We are too fractured!
Why I can write this: I run the University Help Desk at San Jose State University. I have been a university employee working at SJSU for 21 years. I received my undergraduate and graduate degrees from SJSU. I have taught at SJSU. I am also a taxpayer.
One of he most frustrating things I have to deal with at the University Help Desk is the run around our clients, the students, faculty and staff at San Jose State University often receive when they seek support. To understand how the university’s information technology (IT) support structure works you need to forget most of what you may know about how most enterprises and many universities function. These enterprises usually have one enterprise support group that works together under the management of a chief information officer to solve customer problems. In this type of enterprise resources can be allocated where needed and pulled from where they are not. This group is accountable for solving problems within any part of the enterprise, from start to finish.
At SJSU we do not have one information technology group supporting the network, computer resources and conduits of data at SJSU. Instead, at SJSU we have a complex aggregation of silos of support that function with almost no structure, sense or logic. Our university has at least a half-dozen help desks and several dozen independent support teams that are under disparate chains of command. Communication and sharing of resources between these silos of support is rare. Indeed, it sometimes seems as though they compete more than cooperate. At SJSU resources seldom leave their support silo no matter how acute the need for help is elsewhere. Often the folks who mange these silos know little or nothing about the technology they manage. Only a handful of these groups share a trouble ticket system. Most have their own homegrown systems or, more often, no system at all! Many different systems exist that cannot talk to each other nor share data nor accommodate the hand off of trouble tickets. Often the solution for one team is to close a ticket in one ticket system with instructions to a client to open a ticket in another system with no assurance that anybody in the other unit will take ownership of the client’s problem nor way to know if the client gave up in frustration.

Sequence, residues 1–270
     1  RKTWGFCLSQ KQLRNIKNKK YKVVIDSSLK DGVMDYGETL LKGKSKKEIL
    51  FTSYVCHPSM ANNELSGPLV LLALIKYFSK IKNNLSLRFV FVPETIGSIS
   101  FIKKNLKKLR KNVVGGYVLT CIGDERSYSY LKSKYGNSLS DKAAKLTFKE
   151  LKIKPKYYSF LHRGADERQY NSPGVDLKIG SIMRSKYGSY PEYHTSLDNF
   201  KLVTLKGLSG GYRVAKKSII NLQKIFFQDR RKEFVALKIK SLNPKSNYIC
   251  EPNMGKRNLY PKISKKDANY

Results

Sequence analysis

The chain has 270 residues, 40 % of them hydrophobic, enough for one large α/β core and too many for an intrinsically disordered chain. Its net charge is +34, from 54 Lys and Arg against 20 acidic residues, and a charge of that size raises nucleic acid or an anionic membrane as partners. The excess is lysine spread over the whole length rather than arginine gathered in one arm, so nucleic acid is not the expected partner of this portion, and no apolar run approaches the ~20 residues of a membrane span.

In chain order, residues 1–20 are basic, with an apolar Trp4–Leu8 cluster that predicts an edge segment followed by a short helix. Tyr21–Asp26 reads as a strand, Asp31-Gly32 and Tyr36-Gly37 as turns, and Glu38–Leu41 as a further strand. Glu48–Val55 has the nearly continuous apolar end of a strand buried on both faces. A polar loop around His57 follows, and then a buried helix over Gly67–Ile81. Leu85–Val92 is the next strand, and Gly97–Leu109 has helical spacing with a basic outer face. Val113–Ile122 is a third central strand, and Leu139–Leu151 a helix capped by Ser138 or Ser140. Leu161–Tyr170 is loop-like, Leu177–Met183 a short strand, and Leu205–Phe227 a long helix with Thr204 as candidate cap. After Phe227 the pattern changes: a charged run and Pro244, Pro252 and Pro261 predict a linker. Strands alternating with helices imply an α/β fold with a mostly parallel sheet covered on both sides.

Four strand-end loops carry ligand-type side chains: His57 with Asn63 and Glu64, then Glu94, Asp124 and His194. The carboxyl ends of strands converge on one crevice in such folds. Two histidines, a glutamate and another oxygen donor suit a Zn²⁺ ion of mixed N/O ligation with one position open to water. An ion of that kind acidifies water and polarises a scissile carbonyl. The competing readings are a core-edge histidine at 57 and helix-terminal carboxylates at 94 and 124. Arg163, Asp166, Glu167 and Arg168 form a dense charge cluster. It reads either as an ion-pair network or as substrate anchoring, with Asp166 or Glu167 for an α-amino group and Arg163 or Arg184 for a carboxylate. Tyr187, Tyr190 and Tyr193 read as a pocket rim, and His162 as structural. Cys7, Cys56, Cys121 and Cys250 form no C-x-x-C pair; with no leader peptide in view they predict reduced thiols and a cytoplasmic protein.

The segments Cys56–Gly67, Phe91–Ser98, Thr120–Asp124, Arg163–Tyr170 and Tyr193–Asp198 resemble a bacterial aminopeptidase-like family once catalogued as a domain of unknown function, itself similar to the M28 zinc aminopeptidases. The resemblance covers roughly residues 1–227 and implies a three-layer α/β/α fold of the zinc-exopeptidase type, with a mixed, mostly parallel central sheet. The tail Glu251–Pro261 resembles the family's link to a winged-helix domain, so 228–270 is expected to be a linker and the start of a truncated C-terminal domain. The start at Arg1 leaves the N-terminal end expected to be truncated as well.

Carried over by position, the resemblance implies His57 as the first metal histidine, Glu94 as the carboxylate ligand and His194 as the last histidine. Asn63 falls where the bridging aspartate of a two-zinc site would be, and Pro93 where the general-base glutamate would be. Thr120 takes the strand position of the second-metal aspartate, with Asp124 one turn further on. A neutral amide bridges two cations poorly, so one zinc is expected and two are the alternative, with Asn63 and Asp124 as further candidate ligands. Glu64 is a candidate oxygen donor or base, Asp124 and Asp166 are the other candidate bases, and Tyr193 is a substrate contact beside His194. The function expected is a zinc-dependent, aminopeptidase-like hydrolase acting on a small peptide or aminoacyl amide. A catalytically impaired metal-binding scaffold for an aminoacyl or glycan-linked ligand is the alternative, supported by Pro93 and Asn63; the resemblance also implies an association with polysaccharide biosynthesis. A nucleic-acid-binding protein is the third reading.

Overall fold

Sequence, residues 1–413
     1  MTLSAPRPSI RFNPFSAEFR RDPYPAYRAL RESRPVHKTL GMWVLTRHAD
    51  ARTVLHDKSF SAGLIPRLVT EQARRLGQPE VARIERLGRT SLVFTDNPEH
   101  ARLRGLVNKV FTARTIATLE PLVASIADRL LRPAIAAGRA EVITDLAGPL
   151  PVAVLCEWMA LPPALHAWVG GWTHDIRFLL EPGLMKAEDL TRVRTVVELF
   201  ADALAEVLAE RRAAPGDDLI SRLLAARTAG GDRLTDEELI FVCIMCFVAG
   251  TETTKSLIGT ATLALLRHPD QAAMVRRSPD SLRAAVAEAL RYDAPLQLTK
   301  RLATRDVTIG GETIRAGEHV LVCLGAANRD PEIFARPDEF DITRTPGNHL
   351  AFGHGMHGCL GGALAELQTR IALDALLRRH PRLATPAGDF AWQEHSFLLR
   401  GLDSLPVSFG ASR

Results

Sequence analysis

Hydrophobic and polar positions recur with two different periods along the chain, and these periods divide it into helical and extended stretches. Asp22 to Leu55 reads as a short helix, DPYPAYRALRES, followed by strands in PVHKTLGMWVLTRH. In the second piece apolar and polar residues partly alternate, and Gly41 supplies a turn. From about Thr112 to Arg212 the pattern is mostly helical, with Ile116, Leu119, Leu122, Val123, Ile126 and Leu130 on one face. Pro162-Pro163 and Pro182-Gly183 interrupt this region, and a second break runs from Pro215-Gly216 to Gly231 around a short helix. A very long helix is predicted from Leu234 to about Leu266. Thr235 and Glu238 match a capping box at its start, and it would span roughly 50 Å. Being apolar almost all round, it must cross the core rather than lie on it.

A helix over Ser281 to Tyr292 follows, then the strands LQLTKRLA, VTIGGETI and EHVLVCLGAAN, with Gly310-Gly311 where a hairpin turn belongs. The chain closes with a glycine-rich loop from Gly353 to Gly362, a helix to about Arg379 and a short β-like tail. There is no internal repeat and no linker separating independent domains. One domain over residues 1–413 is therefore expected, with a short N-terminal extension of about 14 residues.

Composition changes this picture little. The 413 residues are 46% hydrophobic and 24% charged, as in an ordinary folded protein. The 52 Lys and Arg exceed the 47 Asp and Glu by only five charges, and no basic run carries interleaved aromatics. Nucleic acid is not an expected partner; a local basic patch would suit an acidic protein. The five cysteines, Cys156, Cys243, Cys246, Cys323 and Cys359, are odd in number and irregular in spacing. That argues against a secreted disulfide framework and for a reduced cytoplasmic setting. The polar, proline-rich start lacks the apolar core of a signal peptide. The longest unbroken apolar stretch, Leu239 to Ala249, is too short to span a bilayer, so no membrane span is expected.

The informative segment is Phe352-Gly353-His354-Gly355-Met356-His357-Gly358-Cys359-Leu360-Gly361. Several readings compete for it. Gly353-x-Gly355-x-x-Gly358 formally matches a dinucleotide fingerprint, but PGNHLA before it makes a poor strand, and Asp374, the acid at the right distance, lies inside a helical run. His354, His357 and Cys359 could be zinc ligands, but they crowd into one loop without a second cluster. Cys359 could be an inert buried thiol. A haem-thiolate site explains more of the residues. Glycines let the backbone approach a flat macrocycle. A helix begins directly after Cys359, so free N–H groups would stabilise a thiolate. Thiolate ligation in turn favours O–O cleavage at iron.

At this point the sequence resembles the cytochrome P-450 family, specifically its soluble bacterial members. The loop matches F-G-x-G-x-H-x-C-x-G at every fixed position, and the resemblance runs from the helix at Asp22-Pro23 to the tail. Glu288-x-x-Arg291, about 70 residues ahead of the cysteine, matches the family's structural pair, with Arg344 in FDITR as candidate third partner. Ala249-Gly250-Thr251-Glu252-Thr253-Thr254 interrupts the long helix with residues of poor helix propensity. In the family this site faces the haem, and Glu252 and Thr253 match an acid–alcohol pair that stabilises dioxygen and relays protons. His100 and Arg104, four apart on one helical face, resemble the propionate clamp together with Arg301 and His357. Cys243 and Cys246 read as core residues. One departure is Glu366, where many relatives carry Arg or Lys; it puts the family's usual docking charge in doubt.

This is really frustrating to clients. They see their tickets closed routinely without their problems being solved. Often this happens several times for a single problem.
In my opinion
It is not acceptable for us to be telling clients to go somewhere else for service. In my opinion we can do better than this. We have created a Tower of Babel. In my opinion we are wasting resources (and the taxpayers money) in duplicate and confusing services and support systems in some areas while leaving large gaps of lack of customer service in others. I think we need to do better than this to provide better customer service and give the taxpayers (myself included) a fair return on their investment. I think we need to have a massive reorganization of IT support at SJSU and do it soon.